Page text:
Earlier this year, the MCAD issued guidance on the Pregnant Workers Fairness Act (the “Act”) and the “MCAD Q&A Pregnant Workers Fairness Act.” The Act, which takes effect on April 1, 2018, amends existing law to expressly prohibit pregnancy and pregnancy-related discrimination, and requires employers to provide a reasonable accommodation to an employee who is pregnant or who has a condition related to pregnancy.
What Does This Mean?
Employers may not discriminate against employees or job applicants because they are pregnant or have a pregnancy-related condition. Employers must also provide reasonable accommodations to employees who are pregnant or who have a pregnancy-related condition, unless it would impose an undue hardship on the employer. Once an employee requests an accommodation, the employer must engage in the interactive process with the employee to address the employee’s needs. In many ways, an employer’s obligation to communicate about accommodations for pregnancy-related conditions is similar to its obligations under the Americans with Disabilities Act (ADA) and the Massachusetts anti-discrimination law, Chapter 151(B). In the case of the PWFA, however, an employee need not be disabled or handicapped to be entitled to an accommodation.
The FAQs define the following key terms:
- Condition related to pregnancy. A condition related to pregnancy may occur during or after pregnancy. This may include morning sickness, lactation, or the need to express breast milk.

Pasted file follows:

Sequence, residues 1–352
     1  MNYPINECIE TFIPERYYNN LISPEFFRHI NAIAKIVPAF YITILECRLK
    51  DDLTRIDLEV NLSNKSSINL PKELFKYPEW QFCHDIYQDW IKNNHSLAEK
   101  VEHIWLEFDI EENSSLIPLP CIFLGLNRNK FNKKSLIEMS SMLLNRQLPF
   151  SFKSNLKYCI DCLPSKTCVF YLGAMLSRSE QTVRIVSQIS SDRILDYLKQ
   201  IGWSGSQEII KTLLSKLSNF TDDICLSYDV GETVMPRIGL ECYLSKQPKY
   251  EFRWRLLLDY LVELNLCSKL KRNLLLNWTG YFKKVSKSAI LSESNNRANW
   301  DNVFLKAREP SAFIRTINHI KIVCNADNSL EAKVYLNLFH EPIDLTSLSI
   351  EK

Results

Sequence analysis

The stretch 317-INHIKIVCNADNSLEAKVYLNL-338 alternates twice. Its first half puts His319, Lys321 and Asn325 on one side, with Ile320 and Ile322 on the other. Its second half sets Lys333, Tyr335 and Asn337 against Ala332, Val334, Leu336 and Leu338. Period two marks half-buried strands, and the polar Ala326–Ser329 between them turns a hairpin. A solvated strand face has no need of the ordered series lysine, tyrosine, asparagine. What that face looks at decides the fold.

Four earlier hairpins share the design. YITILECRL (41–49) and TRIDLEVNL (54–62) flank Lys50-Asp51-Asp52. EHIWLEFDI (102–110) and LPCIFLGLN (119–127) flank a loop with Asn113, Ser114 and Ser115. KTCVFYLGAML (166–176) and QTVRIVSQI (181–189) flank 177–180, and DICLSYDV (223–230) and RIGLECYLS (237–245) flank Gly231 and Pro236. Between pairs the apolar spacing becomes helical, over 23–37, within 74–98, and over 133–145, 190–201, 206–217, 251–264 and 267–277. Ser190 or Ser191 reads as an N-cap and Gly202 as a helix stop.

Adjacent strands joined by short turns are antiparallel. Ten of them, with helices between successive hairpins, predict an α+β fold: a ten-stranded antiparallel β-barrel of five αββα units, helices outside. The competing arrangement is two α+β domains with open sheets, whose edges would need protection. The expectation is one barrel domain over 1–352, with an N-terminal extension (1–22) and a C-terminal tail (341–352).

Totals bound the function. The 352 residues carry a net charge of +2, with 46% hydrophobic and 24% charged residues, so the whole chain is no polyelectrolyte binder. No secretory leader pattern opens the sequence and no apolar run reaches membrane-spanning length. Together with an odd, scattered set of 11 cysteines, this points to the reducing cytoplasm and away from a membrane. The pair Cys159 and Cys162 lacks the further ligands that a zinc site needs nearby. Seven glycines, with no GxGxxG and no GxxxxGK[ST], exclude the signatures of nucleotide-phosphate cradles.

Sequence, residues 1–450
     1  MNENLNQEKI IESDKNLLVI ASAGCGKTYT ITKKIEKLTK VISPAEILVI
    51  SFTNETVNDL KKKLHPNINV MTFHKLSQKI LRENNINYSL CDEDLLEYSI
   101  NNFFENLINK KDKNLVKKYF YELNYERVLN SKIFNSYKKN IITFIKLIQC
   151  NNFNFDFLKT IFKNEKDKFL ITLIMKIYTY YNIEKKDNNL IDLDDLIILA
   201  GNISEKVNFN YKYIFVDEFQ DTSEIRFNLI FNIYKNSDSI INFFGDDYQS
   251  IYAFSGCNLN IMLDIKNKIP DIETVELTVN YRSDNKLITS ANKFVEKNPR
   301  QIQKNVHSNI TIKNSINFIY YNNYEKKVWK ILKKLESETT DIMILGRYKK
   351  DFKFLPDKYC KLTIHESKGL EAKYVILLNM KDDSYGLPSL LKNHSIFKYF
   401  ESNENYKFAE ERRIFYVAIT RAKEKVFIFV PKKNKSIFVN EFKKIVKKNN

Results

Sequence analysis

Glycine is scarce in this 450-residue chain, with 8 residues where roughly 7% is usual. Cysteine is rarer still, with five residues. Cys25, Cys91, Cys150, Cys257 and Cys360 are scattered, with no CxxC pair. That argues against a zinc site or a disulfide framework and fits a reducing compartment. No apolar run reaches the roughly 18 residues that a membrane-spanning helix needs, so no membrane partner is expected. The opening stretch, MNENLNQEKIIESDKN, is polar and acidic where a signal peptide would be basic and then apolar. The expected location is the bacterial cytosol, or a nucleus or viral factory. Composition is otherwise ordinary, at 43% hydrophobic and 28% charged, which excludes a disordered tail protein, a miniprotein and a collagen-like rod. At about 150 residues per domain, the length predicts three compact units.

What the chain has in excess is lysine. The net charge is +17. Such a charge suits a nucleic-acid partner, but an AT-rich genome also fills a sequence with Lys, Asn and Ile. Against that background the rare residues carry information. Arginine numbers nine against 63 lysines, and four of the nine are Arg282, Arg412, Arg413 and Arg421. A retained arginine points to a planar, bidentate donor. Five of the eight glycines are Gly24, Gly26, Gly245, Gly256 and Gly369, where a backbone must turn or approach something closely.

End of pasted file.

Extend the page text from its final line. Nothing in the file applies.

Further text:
- Reasonable accommodation. A reasonable accommodation is a modification or adjustment that allows an employee to perform the essential functions of the employee’s job. Once an employee notifies the employer of her need for a modification, the employer must engage in a timely, good faith, interactive process to determine what type of accommodation can be made. Examples of reasonable accommodations include:
- Longer or more frequent breaks;
- Time off;
- Providing equipment or seating;
- Temporary transfer to a less strenuous or hazardous job;
- Job restructuring;
- Light duty;
- Private space for expressing breast milk;
- Assistance with manual labor; and
- A modified work schedule. For example, if a pregnant employee suffers from morning sickness, her employer may need to allow a later start time, if doing so would not create an undue hardship.
- Undue hardship. An undue hardship is a modification that requires significant difficulty or expense on the part of the employer. Some factors considered in determining whether a modification constitutes an undue hardship include: (1) the nature and cost of the needed accommodation; (2) the employer’s financial resources; (3) the overall size of the business; and (4) the effect on expenses and resources of the accommodation on the employer.
As is so often the case with employment laws, the answer to many employer questions is: it depends! For example:
- How often can an employee take a break to breastfeed or express breast milk? The law does not specify the number or duration of breaks an employee can take to accommodate a pregnancy-related condition. Emphasizing “individualized needs,” which can “vary month to month or even day by day,” employers must allow employees to take as many breaks as they need, absent undue hardship. The duration of breaks also will vary. The time to express milk often is about 15-20 minutes, although an employee may need additional time to get to and from the break room and to set up and break down equipment.